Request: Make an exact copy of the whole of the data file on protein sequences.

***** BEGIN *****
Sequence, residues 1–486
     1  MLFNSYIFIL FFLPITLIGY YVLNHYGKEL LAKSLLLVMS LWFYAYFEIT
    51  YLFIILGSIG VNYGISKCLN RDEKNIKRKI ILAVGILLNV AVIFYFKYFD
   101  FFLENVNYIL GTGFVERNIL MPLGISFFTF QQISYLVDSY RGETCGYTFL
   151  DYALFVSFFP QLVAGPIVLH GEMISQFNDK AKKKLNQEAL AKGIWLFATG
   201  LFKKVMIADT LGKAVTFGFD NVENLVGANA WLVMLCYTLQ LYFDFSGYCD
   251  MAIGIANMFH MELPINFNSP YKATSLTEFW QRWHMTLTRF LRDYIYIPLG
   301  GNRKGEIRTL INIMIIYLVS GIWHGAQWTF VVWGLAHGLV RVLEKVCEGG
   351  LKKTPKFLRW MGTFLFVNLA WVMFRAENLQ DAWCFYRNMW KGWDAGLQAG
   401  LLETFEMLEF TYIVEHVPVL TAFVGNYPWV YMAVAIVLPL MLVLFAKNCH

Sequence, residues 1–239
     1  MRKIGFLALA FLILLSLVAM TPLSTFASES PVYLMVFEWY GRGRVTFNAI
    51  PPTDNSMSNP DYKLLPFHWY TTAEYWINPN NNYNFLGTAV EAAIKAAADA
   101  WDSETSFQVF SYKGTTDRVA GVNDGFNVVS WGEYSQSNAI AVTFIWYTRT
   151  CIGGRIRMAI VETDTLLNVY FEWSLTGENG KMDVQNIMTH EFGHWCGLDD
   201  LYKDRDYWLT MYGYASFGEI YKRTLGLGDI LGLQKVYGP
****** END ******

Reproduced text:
Sequence, residues 1–486
     1  MLFNSYIFIL FFLPITLIGY YVLNHYGKEL LAKSLLLVMS LWFYAYFEIT
    51  YLFIILGSIG VNYGISKCLN RDEKNIKRKI ILAVGILLNV AVIFYFKYFD
   101  FFLENVNYIL GTGFVERNIL MPLGISFFTF QQISYLVDSY RGETCGYTFL
   151  DYALFVSFFP QLVAGPIVLH GEMISQFNDK AKKKLNQEAL AKGIWLFATG
   201  LFKKVMIADT LGKAVTFGFD NVENLVGANA WLVMLCYTLQ LYFDFSGYCD
   251  MAIGIANMFH MELPINFNSP YKATSLTEFW QRWHMTLTRF LRDYIYIPLG
   301  GNRKGEIRTL INIMIIYLVS GIWHGAQWTF VVWGLAHGLV RVLEKVCEGG
   351  LKKTPKFLRW MGTFLFVNLA WVMFRAENLQ DAWCFYRNMW KGWDAGLQAG
   401  LLETFEMLEF TYIVEHVPVL TAFVGNYPWV YMAVAIVLPL MLVLFAKNCH

Sequence, residues 1–239
     1  MRKIGFLALA FLILLSLVAM TPLSTFASES PVYLMVFEWY GRGRVTFNAI
    51  PPTDNSMSNP DYKLLPFHWY TTAEYWINPN NNYNFLGTAV EAAIKAAADA
   101  WDSETSFQVF SYKGTTDRVA GVNDGFNVVS WGEYSQSNAI AVTFIWYTRT
   151  CIGGRIRMAI VETDTLLNVY FEWSLTGENG KMDVQNIMTH EFGHWCGLDD
   201  LYKDRDYWLT MYGYASFGEI YKRTLGLGDI LGLQKVYGP